What’s not to love? If you could kill for a bassline then this is it. Undoubtedly we’ve landed at party central and you get the clear impression that the producers (including Cesar Merveille and Isis) enjoyed creating Robots of Dawn as much as we do listening. It continues for nine plus minutes and every second of its funky, fuelled crisp electronic Dance Music is worth it. Tempelhof then flips the coin with sizzling (and I do mean hot) Acid sequences that scorch the stereo with perfect precession. Lasting over thirteen minutes of eccentric ecstasy the rhythms shine and shimmy to complete this excellent release of sound from Mathew Jonson & Ryan Crosson.
It’s always reassuring to hear the voice from Bobby Konders ‘The Poem’ feature on a track and this excellent production from ReKreation & Saytek is no exception. Driven forwards by sizzling hi-hats and throbbing beats this has a timely quality that transcends the House Music timeline by taking its inspiration from such a classic, and then transforming the nostalgia into something completely contemporary. Love the demanding sequence of creative stabs and organ pulses that join themselves together here to make this such an exciting and thoughtful ride – this is first rate coming with such an apt title. The Patrick Podage & Nikola Kotevski Remix continues the excellence with funkier, fuzzy bass as the Pretty Criminals Remix gets deeper again. Second track, Experiments in Kaya is tougher in ways with striking configurations of undulating chords and staccato bass, although Poetry is always best.
Release: December 3 Beatport exclusive. All other stores December 17
Music can be beautiful just like it can get ugly and cynical. This latest collection from Irish imprint DhARMA begins by reclining gently into the former with moods pitched somewhere between relaxed ambience and cinematic cool. So if you like music to project itself imaginatively across your line of vision then both Kyson’s beautifully bluesy ‘Drifting On By’ and Akito Misaki’s exquisite ‘Do You Remember Me’ are pretty much essential listening. Tibalt’s ‘Midnight Travellers’ sparks the ignition with fast beats and European synthesisers galore, leaving Silly Rabit ’Subsonic Sunset’ with fizzy electronic atmospheres and Skai Nine’s energised ‘Beta’ to complete the picture.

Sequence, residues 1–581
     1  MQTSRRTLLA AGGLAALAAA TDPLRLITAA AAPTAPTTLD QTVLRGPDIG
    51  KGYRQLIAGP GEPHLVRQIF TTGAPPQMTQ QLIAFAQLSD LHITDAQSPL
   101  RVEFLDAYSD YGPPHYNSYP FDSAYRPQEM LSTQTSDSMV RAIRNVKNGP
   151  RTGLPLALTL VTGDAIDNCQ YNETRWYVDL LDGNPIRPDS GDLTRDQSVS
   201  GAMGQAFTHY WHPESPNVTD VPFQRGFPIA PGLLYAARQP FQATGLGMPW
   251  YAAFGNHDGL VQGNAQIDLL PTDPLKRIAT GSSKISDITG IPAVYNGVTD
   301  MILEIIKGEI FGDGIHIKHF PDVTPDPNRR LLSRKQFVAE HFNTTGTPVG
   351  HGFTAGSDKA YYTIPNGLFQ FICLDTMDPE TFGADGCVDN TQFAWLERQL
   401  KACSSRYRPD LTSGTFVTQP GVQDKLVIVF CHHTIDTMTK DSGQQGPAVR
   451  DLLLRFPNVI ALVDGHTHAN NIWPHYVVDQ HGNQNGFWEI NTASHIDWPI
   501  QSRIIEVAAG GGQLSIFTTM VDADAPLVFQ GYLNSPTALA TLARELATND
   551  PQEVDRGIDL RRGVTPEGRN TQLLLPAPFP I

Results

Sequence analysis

If you’re a sucker for break beats then this is most definitely for you. As with the other current release from hi-life! this percussion fuelled gem is all about energy packed rhythm that simply feels irresistible. In this instance 106 Miles has been produced by Mexico City’s Victor Ibarrola and if this is anything to go by you’ll be hearing a lot more from him in the very near future. Second track, The Matrix also features a sampled voice over, although this time the music feels less frantic exploring deeper bass and imaginative soundscapes leading eventually to deliciously dark pads and a breathtaking breakdown.
Who Am I?
22 Digit Records
Returning to 22 Digit Records for his second release Newcastle based producer Midicult has produced a distinctive and unique piece of music in ‘Who Am I’. Spanning the breadth of almost ten minutes of low-slung bass action this may deceptively come across as minimal programming, but listen closer and it reveals itself to be intricate funk of the highest degree. It’s all contained within the frisky drum editing, which alongside the rumbling bassline and jolting stabs, provide the basis for the disconcerting voice to weave its coda. Tom Ellis then highlights that vocal and funks up the bass, while Jerico adds a more progressive feel, leaving Steve Legget’s shuffling Techno to finish off.
Damian Lazarus is ambitiously staging the Day Zero festival (as decreed by the ancient Mayan civilisation) on December 20/ 21 of this year at Playa del Carmen, Mexico. For further details check the link www.dayzerofestival.com
And so to the music which comprises of thirteen new compositions, and as you would imagine is all about serious intent. Ranging from artists such as Jay Haze, Acid Pauli, to Mathew Jonson the resulting album plays out across the full spectrum of sound and light, and is undoubtably a reverential experience. What I really like about the way the album flows is the fact that each contribution is excellent in its own right, this isn’t really about standouts taking priority, although I am slightly tempted to point out Francesca Lombardo’s sublime ‘Cosmic Dancer ‘ as well as Fur Coat’s ‘Greed, Insanity’ which in essence spells it all out to you loud and clear. I also suspect that you could listen to this almost anywhere, and I do mean that literally, while still receiving the same level of satisfaction in doing so. The message is in the music.
release: December 3